I get asked a lot by friends and passing neighbors about the hydrangeas in our front yard. We’ve been growing ours for over a decade and have several healthy plants that frame the porch ever summer, and I look forward to the multiple and easy bouquets they produce each year.
There are dozens of varieties of hydrangeas, most are classified as mophead with ball shaped blooms or lacecap with flat delicate clusters. We have three different varieties of mophead hydrangeas in our yard, the white ‘Anabelle’, the raspberry ‘Pink Shira’ and the delicate pink ‘Macrophylla’ by the front door.
Truth is, we got lucky with this mophead variety in our front yard years ago. We also planted a few bushes in our backyard (which gets hot afternoon sun) and we utterly failed trying to grow them there. However, these hydrangeas in our east facing front yard grow healthy and tall with dozens of mophead blooms every year, and with minimal effort. The lesson? The biggest factor that contributes to healthy hydrangea growth is absolutely location.
Here are a few other things I’ve learned about growing healthy hydrangeas:
– Always plant your bush into well drained porous soil whether it’s in the ground, in a raised bed, or in a large container.
– Plant hydrangeas where they receive morning light and afternoon shade. They can grow in filtered light too but they will not do well in hot afternoon sun.
– Water them a lot, and I mean a lot. Those delicate petals need water to thrive especially in the heat of summer and will quickly wilt on the bush without enough. Even one forgetful summer day (or two) can kill a young hydrangea plant so if you can manage to get them on an automated watering system, you’re better off.
– Some varieties of mophead hydrangeas have that chameleon quality of the ability to change color, but it is specific to certain varieties and determined by the pH level in the soil. in short, acidic soil will make the blooms blue and alkaline soil will make the blooms pink. If you want to change the pH of the soil it is easier done in potted plants than ones in the ground, and you have to start well ahead of the bloom cycle (in late winter).
In your local garden department, look for dolomitic lime formulas to feed your hydrangeas several times a year to produce pinker blooms. For bluer blooms, look for aluminum sulfate formulas to increase the acidic levels in the soil. You won’t see very dramatic results outside containers without several feedings and too many chemicals could damage the plant so consult your local nursery specialist for guidance. I happen to like mine pink so I’ll give them a scoop of dolomitic lime around the base once a year, but that’s all.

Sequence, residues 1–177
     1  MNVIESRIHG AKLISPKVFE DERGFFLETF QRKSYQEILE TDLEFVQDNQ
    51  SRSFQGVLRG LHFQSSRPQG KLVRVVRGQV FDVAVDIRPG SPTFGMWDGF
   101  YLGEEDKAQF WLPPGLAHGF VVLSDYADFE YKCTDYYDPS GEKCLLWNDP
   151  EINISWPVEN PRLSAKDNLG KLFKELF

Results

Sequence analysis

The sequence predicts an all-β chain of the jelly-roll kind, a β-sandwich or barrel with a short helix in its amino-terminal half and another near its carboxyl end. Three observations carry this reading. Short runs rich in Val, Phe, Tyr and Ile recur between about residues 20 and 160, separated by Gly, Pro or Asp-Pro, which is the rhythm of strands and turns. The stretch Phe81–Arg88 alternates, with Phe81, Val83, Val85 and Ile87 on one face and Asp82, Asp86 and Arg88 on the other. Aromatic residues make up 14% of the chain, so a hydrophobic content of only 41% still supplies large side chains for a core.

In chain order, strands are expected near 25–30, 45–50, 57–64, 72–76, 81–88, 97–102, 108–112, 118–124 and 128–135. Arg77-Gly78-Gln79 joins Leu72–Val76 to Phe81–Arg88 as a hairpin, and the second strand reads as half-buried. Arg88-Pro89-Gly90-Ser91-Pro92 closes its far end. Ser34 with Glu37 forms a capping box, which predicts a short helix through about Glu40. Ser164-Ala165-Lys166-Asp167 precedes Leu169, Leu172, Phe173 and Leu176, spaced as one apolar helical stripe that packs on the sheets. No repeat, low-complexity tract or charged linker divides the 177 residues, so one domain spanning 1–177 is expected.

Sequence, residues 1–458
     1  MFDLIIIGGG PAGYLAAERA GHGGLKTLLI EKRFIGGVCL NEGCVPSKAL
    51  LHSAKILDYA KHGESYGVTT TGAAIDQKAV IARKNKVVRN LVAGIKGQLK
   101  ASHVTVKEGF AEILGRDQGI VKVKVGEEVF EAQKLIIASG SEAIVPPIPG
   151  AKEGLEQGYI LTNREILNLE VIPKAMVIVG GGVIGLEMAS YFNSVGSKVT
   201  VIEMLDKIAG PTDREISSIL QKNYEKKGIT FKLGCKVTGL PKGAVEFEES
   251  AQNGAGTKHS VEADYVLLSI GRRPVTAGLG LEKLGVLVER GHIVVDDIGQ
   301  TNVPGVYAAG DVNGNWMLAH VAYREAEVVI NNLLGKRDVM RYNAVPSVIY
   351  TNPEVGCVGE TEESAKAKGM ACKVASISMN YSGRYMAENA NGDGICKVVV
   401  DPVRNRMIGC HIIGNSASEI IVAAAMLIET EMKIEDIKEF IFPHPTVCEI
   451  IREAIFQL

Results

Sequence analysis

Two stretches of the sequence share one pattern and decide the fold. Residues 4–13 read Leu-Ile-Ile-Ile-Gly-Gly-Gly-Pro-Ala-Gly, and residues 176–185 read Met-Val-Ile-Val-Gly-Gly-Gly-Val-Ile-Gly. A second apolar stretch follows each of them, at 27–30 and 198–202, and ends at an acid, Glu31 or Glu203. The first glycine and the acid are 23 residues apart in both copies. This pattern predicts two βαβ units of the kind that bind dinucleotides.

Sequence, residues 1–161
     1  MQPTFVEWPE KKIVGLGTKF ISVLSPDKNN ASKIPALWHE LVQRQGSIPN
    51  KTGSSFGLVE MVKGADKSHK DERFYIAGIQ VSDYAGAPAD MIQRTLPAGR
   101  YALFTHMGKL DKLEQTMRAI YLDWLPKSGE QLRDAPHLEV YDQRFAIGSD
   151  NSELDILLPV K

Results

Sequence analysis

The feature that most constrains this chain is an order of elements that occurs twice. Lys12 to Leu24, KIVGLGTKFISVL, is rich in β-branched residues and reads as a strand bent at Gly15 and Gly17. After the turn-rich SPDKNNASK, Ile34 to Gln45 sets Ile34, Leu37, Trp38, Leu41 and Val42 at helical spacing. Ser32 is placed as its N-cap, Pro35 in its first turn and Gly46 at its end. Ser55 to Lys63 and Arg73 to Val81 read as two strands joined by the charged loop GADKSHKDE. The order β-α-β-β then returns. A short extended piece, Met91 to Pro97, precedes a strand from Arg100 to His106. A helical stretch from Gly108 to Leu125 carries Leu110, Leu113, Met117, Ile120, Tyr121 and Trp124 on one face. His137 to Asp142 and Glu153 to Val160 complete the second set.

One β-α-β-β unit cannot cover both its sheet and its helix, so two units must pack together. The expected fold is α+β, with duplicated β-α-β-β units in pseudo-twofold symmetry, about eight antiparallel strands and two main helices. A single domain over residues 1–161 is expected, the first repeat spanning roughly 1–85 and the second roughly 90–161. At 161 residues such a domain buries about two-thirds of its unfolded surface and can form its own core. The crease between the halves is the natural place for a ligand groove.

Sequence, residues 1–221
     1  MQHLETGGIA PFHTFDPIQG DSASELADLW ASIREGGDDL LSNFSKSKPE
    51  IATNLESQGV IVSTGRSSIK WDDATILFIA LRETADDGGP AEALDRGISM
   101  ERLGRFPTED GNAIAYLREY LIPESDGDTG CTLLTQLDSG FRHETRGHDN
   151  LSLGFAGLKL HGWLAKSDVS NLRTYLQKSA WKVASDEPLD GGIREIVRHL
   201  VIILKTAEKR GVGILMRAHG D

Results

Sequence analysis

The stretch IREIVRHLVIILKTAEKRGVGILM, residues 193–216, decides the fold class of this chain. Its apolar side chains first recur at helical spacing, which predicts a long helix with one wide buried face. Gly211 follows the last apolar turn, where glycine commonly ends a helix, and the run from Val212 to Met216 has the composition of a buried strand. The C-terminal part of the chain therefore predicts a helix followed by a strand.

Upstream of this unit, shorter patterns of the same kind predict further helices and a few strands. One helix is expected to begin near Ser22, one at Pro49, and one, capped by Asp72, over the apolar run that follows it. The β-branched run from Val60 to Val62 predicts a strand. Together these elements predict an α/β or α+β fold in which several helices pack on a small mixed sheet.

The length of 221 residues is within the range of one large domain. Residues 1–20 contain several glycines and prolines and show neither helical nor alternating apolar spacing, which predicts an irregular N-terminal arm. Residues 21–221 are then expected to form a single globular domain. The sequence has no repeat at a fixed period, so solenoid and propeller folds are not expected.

When trimming hydrangeas for bouquets, clip them low, pull off any leaves below the water line, and place them in water as quickly as possible to avoid wilting. Most often the blooms from my yard do just fine after they come straight from the garden but they are thicker stems from mature plants. I usually bring the vessel to the hydrangeas rather than the hydrangeas to the vessel.
If you clip the stems between the leafy attachment part (I’m sure there’s a Latin term for this, but I don’t know it!) and submerge them in water relatively quickly, then your blooms should last for several days.
Every now and then a single stalk will wilt within a few hours because of the sap like liquid inside that can solidify and prevent the cut blooms from getting enough water. There is a trick I’ve been told about by florists or flower market vendors to ensure your hydrangea blooms stay fresh and it involves dissolving that sap like substance inside the stem to open it up to receive adequate water. Tonya of Love of Family and Home tested the boiling water trick and explains it in detail for you.
Hydrangea blooms make effortless arrangements in containers and for the minimal effort produce many months of gorgeous blooms and that’s why I love them (sorry Madonna, I’m a fan!).
Hydrangeas also dry beautifully, so if you want to save a few of the mophead blooms for fall arrangements, remove the water after a few days and allow them to dry out completely – dried hydrangea blooms can last for a year, even two!
A final note, hydrangea bushes should be pruned in late fall or early winter or they will not perform well the next year, but it’s an easy winterizing task. Prune them after the last leaves have fallen off and prune the stems of healthy established plants down to 24-36” high which allows for new growth on the canes in the spring. Prune back the number of new stems in the spring if you want larger and less numerous blooms in summer.
Here are a few more helpful articles on growing hydrangeas:
Have you had success or failure with growing hydrangeas? What tips or tricks can you share?